Bartleby You’ll often walk alone
Loneliness is a widespread problem with complex roots
There has been a quiet pandemic developing while most people’s attention has been on covid-19. The lockdown has exacerbated a problem that has been spreading in many developed nations for decades: loneliness.
It is a complex issue which covers not only social lives, but the way you work and the way you vote. Noreena Hertz, an academic, tackles the subject in an important new book, “The Lonely Century”.
Loneliness increases the risk of heart disease, strokes and dementia. Those who say they are lonely are likelier to be depressed five years later. In addition, lonely people can become more hostile towards others and more attracted to extremist politics.
Part of the problem stems from contemporary employment. Globally, two in five office workers feel lonely at work. This rises to three in five in Britain. Gig-economy jobs can leave people with insecure incomes and without the companionship of colleagues. The pandemic has made it more difficult to make, and maintain, friendships, particularly for new employees.
Even before the crisis, the hope that open-plan offices would encourage greater camaraderie proved to be false. Many people find the chatter distracting and retreat with noise-cancelling headphones; they then email colleagues who are sitting only a few desks away.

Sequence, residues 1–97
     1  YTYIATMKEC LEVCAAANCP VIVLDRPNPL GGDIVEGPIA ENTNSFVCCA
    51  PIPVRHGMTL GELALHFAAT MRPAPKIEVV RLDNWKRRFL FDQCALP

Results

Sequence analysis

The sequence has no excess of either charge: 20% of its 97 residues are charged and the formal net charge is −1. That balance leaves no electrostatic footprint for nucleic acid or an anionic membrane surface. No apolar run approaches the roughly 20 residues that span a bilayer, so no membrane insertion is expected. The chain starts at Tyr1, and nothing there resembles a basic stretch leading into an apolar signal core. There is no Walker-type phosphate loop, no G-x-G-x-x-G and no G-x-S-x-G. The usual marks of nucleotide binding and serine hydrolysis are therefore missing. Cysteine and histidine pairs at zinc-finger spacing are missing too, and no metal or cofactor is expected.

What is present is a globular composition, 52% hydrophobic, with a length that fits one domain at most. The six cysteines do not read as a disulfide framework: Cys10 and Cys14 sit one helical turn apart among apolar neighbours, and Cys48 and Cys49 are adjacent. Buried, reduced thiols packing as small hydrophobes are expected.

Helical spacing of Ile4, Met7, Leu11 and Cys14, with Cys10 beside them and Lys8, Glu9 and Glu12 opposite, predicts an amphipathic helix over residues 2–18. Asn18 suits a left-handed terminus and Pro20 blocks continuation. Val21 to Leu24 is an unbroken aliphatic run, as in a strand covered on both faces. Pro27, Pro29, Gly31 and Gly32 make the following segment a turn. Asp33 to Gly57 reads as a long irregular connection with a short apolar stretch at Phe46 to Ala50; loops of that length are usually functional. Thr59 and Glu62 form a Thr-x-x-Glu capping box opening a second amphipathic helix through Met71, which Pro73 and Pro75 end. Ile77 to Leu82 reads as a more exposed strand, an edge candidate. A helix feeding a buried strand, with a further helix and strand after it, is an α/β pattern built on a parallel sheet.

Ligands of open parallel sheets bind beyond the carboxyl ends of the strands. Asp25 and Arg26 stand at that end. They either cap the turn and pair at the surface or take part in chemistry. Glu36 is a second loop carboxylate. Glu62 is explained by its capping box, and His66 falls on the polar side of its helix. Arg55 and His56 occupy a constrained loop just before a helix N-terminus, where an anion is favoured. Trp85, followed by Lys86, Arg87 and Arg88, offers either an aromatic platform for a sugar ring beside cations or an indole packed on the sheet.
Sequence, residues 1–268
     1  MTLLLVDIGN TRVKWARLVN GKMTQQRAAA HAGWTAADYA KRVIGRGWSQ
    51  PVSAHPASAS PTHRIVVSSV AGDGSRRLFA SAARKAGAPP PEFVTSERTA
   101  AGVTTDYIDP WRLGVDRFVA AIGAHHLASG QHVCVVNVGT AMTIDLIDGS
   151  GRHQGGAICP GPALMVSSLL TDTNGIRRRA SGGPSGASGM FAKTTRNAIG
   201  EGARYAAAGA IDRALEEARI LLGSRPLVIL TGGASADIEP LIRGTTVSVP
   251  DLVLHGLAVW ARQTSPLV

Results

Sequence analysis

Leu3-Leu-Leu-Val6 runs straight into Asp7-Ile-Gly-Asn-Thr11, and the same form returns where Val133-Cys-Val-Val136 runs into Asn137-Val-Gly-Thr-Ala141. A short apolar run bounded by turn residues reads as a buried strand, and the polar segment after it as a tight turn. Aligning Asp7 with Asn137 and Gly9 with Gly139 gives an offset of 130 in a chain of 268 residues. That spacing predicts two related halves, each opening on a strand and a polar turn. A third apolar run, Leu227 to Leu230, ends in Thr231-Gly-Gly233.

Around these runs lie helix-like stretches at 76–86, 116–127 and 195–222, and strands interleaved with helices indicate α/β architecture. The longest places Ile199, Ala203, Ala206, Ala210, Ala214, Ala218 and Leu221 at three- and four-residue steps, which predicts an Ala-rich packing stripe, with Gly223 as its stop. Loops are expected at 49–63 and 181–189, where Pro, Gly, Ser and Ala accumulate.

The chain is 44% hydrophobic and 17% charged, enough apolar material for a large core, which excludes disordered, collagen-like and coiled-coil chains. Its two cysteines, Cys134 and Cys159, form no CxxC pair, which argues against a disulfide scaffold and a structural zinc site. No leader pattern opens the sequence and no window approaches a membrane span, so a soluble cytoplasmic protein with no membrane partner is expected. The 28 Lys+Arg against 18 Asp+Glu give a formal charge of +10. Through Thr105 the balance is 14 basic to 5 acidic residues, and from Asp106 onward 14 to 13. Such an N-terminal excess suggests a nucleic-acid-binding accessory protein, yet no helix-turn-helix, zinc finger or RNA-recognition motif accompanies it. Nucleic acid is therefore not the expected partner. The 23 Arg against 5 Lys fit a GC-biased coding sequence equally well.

Co-working spaces, where young professionals can take advantage of communal facilities, have not been the answer either. Workers are not there long enough to invest in relationships. As Ms Hertz puts it: “Hot deskers are the workplace equivalent of the renters who’ve never met their neighbours.”
It may seem odd that loneliness can grow when people are surrounded by so many others. But this paradox was best expressed by the band Roxy Music, when they sang “Loneliness is a crowded room”. Most people will be perfectly content, for a while at least, eating on their own at home, perhaps with a good book or the telly. Sitting all alone in a restaurant or a bar, surrounded by other people chatting, is a much more isolating affair.
By the same token, big cities can be very isolating. In a survey from 2016, 55% of Londoners and 52% of New Yorkers said they sometimes felt lonely. In many cities, around half of all residents live on their own, and the average tenancy of a London renter lasts 20 months. City-dwellers are less likely to be polite, because they are unlikely to meet a passer-by again.